Overpopulation? Try Declining Birth Rates In Most All Developing Countries

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Editor’s Note: While TPTB (aka The Powers That Be) would have us all believe the Earth is so overpopulated its about to fall out of space, fertility and birth rates are dropping all over the developed world, with many developed countries not even meeting the necessary replacement rate of 2.1 for their populations to remain stable at current levels. (Notice in the article below, a 2.1 replacement rate is now referred to as “high”.)

The only nations where population growth is rising are in the developing world where diseases rates and infant mortality rates are high and life expectancy rates are much lower than the rest of the world. In fact, all available data shows the Earth’s population will likely top out around 9 billion, then start to go back down…

There’s an agenda behind the overpopulation myth, and it’s not just so people will plant more trees and recycle.

Oct. 16, 2012

In developed countries today many women receive educations and earn salaries that are on a par with those of men. The fact that women are no longer socially or economically dependent on men has radically altered young people’s lifestyles. A woman can now choose to remain single, marrying only when a man adds value to her life or when she desires to have children within such a framework.

This is creating big changes throughout the developed world. The replacement rate—the reproduction rate that keeps a population stable—for developed countries is 2.1, yet nearly half the world’s population has birth rates lower than that. The U.S. has a total fertility rate (TFR) of 2.0—nearly the replacement rate—with Hispanic immigrants leading in birth rates. The U.S. is aging but not as fast as many other countries. A 2010 census showed that 31.4 million Americans live alone—27% of all households (equal to the percentage of childless couples). Living alone allows people to pursue individual freedom, exert personal control and go through self-realization, but these people have fewer children.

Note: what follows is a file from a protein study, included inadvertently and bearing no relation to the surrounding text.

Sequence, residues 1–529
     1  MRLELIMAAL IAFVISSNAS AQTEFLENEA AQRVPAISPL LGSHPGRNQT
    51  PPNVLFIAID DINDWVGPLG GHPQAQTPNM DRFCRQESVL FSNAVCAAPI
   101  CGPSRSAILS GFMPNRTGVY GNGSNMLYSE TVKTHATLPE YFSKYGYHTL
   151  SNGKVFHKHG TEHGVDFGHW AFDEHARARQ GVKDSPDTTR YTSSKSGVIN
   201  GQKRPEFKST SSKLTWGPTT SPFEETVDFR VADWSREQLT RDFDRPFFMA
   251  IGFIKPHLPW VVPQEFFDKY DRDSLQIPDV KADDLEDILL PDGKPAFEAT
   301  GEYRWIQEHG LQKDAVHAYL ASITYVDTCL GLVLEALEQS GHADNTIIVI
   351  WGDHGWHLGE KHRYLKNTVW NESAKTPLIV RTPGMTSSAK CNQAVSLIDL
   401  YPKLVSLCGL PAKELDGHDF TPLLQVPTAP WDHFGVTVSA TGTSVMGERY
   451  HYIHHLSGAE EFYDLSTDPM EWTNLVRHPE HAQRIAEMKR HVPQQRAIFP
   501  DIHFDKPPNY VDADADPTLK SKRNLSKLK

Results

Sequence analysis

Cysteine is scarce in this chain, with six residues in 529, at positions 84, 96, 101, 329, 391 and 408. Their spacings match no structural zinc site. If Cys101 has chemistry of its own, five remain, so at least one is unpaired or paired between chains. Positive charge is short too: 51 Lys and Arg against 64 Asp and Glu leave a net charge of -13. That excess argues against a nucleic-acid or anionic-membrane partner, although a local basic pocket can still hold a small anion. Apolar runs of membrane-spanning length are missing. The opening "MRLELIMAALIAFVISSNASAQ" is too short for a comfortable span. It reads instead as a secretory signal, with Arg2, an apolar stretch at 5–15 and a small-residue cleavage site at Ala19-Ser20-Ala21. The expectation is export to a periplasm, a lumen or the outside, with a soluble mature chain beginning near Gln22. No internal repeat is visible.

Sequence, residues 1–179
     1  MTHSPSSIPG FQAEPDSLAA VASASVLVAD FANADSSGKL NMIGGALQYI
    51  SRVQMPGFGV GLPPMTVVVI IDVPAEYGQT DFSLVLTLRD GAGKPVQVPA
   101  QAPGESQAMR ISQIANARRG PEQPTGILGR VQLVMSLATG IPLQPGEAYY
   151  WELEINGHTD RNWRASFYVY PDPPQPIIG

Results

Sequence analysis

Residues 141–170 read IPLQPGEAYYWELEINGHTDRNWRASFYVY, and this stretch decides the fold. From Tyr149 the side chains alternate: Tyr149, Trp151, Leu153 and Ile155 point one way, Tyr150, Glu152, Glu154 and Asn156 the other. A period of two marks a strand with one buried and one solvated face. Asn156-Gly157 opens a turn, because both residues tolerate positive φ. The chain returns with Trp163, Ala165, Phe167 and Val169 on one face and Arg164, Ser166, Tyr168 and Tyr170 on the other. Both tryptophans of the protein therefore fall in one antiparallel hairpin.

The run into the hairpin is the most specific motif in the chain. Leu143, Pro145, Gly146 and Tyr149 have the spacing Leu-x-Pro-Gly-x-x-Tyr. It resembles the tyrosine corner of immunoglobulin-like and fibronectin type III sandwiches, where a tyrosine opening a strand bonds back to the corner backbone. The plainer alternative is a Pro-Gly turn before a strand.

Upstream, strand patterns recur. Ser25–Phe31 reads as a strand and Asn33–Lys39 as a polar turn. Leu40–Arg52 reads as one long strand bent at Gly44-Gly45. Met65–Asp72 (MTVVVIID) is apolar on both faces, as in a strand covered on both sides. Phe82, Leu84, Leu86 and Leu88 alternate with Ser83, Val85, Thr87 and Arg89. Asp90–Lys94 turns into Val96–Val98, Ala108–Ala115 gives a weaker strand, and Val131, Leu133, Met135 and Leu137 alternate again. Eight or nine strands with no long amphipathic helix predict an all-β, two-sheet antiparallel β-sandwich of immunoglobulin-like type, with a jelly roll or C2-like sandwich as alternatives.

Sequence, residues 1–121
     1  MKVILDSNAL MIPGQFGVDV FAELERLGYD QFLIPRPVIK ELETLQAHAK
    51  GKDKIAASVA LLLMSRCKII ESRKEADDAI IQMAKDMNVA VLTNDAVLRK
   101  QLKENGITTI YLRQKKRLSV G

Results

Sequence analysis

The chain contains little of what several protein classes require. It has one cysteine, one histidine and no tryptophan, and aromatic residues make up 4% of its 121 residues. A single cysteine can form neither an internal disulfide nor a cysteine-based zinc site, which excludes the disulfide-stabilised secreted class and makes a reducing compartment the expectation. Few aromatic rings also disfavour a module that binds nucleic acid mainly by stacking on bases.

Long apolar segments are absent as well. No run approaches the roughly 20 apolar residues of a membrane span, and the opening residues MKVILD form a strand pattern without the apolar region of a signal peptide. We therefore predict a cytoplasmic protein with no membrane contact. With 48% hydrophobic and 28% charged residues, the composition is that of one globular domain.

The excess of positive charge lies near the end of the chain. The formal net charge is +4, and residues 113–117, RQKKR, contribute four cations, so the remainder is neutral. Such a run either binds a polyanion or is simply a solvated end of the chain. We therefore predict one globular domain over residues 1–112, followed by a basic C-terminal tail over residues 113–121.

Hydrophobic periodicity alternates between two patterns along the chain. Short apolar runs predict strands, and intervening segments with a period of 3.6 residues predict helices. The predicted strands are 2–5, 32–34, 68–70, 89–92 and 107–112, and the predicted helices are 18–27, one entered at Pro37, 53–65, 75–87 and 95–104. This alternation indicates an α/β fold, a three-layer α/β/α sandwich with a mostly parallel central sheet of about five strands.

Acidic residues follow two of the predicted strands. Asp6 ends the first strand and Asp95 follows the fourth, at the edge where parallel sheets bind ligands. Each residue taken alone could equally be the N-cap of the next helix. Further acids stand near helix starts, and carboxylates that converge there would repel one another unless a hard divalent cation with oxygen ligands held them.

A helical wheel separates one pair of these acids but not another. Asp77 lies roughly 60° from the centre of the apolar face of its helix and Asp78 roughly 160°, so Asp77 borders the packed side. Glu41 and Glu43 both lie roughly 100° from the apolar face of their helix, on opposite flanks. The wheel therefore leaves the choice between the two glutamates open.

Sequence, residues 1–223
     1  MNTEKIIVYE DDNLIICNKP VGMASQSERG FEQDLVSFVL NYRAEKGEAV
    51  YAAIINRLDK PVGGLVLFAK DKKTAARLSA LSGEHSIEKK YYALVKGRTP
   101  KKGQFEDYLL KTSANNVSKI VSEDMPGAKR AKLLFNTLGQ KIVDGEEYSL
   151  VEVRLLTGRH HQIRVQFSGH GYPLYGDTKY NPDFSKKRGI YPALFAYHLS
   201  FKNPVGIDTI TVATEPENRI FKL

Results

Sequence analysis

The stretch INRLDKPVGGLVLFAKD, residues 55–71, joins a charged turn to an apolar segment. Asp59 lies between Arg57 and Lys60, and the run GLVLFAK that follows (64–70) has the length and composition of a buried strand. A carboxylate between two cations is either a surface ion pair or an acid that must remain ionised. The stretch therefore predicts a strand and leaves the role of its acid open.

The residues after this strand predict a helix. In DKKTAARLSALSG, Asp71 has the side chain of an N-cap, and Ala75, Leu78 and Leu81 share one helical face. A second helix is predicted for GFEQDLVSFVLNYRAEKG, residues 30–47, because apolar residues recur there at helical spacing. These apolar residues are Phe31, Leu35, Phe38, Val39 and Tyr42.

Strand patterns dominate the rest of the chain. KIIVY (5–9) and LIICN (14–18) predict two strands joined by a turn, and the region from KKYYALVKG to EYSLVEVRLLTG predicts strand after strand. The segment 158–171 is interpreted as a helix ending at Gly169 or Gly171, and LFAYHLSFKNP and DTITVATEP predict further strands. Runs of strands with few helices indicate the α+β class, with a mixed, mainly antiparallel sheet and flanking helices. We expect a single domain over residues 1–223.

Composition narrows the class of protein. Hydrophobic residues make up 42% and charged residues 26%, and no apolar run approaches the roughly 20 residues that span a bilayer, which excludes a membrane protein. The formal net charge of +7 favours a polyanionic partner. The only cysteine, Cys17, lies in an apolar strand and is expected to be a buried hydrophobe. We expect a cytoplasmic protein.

Western European countries have low fertility rates, below the replacement rate of 2.1. Germany: 1.4 (its total population is 81.9 million, of which 8.2% are foreigners). Holland: 1.8 (16.5 million, of which 4.4% are foreigners). Belgium: 1.8 (10.8 million, of which 9.8% are foreigners). Spain: 1.4 (46.1 million, of which 12.4% are foreigners). Italy: 1.4 (60.2 million, of which 7.1% are foreigners), the Pope’s views notwithstanding. Sweden, which provides deep support for parents, has a high TFR of 1.9 (9.4 million, of which 6.4% are foreigners), but that’s still below the replacement rate. Ireland and the U.K. also have high TFRs, at 2.1 and 1.9, respectively, but these rates are derived from non-European immigrant parents.

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